This isn't really about Google, it's about the specification for URLs - lower and uppercase are different URLs. This applies to query string parameters as well. If Google knows of 2 different URL variants, it treats them initially as 2 separate URLs. However, if it turns out they have the same content, Google is generally smart enough to count them as the ...


2

First things first, as @LazyOne said, the third-party URLs are not being properly generated, so the expectation is server to fail - as it is failing right now as you described. Note that valid HTML and valid URLs are a different thing. You should escape entities for HTML content, but this is not true when writing links, image addresses, and calls for ...


2

This answer on stackoverflow claims that some browsers react differently to hitting enter in the address bar vs clicking on a link when the url has a query string: https://stackoverflow.com/a/85386/1145388 When you are testing, make sure you are clicking on links rather than refreshing or hitting enter in the url bar.


2

Can you change the app to use a different querystring name? Or in the GA tracking on the page, pass a custom page view that doesn't have that parameter? If that's not possible, then have you tried creating a filter to change the querystring? It would be an "advanced" filter under "custom filter" on the filters screen. Here's more information from Google.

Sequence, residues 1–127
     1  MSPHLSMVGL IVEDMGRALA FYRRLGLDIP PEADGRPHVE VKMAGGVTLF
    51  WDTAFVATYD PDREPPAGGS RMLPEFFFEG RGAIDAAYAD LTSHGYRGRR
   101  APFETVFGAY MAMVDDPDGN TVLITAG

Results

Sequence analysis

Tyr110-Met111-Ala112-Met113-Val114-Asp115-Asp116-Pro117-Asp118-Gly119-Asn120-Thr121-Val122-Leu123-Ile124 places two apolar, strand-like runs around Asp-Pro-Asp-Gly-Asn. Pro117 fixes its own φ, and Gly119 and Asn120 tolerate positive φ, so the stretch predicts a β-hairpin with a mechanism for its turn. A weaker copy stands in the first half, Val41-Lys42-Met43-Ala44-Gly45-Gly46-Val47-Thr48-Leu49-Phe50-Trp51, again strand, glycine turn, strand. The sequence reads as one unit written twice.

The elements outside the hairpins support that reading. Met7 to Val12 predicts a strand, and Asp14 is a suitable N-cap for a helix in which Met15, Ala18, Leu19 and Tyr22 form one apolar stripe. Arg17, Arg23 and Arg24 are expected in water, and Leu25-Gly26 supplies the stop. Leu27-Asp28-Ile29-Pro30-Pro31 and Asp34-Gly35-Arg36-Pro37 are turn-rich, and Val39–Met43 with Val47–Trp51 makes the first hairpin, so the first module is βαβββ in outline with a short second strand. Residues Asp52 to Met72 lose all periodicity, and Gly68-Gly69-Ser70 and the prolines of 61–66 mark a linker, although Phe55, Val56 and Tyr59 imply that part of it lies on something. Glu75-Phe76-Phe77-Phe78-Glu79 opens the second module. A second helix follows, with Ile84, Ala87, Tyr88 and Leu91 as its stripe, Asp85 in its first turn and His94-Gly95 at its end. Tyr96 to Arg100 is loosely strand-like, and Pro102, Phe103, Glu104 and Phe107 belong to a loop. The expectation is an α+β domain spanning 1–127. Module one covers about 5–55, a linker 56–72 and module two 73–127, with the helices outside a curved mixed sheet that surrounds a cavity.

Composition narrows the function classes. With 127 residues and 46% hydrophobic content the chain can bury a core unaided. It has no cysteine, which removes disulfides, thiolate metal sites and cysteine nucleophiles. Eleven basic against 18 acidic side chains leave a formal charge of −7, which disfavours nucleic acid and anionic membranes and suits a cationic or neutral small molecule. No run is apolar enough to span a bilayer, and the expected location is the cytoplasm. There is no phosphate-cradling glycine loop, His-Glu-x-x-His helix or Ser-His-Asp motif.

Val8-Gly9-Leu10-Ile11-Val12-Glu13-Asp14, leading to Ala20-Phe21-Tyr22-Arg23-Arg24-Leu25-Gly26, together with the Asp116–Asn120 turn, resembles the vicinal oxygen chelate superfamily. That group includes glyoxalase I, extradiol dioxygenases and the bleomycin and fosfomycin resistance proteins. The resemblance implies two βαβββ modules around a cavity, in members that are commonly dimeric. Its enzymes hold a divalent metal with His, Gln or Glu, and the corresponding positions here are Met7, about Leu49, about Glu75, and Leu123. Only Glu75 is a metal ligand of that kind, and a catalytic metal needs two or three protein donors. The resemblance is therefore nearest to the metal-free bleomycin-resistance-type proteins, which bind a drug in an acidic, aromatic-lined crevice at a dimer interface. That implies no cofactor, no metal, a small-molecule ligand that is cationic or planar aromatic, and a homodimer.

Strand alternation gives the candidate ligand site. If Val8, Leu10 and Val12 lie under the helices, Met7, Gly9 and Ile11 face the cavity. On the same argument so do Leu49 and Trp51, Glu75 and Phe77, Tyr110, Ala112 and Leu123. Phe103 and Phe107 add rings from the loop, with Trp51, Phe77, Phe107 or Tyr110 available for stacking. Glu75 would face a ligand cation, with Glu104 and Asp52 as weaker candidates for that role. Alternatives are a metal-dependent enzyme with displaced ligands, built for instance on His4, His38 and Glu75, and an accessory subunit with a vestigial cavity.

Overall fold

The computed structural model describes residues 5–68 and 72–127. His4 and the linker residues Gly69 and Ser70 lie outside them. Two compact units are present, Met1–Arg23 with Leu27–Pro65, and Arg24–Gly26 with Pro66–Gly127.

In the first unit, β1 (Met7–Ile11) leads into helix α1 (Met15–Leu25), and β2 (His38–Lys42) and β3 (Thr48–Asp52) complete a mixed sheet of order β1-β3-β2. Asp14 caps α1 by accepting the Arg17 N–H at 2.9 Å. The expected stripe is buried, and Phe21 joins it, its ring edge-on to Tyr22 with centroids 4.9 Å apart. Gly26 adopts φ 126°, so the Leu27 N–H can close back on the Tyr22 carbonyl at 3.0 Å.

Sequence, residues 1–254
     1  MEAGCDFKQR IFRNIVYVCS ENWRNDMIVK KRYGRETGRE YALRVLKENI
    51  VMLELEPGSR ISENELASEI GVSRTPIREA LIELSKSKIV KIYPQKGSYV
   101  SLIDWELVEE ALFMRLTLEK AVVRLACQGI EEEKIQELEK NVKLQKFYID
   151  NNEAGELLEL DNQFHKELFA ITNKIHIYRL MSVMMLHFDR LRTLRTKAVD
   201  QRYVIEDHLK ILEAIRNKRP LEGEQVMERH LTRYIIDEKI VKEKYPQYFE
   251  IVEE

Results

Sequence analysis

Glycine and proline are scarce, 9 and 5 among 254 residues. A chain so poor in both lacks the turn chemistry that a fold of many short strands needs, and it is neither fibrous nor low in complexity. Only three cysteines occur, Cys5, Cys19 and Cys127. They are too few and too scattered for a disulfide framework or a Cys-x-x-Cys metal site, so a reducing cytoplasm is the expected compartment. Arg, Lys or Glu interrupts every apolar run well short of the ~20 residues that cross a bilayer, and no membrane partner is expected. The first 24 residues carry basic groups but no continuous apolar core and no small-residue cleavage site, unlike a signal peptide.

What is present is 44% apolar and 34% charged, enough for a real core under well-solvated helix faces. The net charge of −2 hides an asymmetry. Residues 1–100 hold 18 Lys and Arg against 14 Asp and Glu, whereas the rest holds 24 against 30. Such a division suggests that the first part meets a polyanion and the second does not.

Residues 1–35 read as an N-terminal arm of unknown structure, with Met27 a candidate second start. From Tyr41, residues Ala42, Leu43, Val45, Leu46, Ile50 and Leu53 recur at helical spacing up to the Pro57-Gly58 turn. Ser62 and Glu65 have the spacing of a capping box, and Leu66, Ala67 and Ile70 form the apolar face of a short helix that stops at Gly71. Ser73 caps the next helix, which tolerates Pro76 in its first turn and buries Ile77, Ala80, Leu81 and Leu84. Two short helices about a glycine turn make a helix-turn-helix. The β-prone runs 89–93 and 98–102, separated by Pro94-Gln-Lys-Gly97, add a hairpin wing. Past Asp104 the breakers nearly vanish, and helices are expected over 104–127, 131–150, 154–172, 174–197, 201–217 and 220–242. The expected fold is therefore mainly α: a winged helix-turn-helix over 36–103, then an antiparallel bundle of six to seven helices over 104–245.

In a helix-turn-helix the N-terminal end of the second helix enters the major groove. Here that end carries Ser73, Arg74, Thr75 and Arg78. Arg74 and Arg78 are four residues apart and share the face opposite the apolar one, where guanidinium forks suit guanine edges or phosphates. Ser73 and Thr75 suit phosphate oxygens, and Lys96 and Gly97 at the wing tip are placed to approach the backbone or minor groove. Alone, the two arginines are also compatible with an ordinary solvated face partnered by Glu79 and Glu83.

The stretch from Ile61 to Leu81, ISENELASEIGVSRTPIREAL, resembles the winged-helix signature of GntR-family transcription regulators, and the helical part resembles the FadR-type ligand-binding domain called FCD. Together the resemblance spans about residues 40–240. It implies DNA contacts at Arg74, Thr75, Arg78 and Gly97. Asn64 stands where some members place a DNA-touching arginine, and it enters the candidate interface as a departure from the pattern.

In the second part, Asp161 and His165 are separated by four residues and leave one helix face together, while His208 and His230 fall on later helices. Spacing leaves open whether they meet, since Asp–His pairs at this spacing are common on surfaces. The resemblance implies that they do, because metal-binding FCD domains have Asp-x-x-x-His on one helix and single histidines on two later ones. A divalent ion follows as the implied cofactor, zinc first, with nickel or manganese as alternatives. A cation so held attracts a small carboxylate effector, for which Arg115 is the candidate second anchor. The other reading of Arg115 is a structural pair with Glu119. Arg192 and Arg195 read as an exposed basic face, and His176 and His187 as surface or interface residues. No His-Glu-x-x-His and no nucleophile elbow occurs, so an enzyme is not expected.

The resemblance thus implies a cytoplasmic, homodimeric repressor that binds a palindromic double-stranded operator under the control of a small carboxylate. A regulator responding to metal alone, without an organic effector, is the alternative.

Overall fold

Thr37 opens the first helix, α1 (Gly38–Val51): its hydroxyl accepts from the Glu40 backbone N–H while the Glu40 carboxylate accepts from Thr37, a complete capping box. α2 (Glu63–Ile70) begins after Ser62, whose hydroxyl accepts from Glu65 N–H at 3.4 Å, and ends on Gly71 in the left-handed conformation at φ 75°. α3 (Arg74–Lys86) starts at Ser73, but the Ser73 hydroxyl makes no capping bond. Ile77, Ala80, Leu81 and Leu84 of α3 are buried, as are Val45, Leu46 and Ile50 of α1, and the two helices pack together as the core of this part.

2

It appears that the only thing that you would need to escape in that URL would be the : https://organization.proxive.se/proxive/https%3A//www.google.com/ Then your URL wouldn't use any disallowed characters and the directories would still be on the sub URL for supporting some relative links. I just want to point out that not all relative links will work. ...


2

Pl. try this: RedirectMatch 301 ^/royatlon.north.com/cybersource/(.*) https://media.north.com/$1


2

On the long term, no, but on the short term there might be some fluctuation. There are two possibilities to mitigate this issue: - In Google Webmaster Tools, in Crawl > URL Parameters, you can tell Google which parameters to ignore. - Set a canonical without the old parameter on url pages still having the old parameter.


2

If you "dynamically add that meta tag" for only the first URL then it will not affect indexing of the second. Whilst it might be the same file (product.aspx) that processes both requests, they are two different URLs.


2

A literal question mark in the URL marks the start of the query string, so you can test if the query string contains anything and redirect if it does. Using Apache mod_rewrite in .htaccess: RewriteEngine On RewriteCond %{QUERY_STRING} . RewriteRule (.*) /$1? [R=301,L] The RewriteRule pattern matches against the URL-path, which notably excludes the query ...


2

Even easier: RewriteCond %{QUERY_STRING} . RewriteRule ^ %{REQUEST_URI}? [R=301,L]


2

www.example.com/products?category=A&category=B www.example.com/products?category=B&category=A These two URLs are technically different. So if they are both available for indexing and return exactly the same content then yes, it's duplicate content. If those two URLs return the same content then Google is only going to return one of them in the ...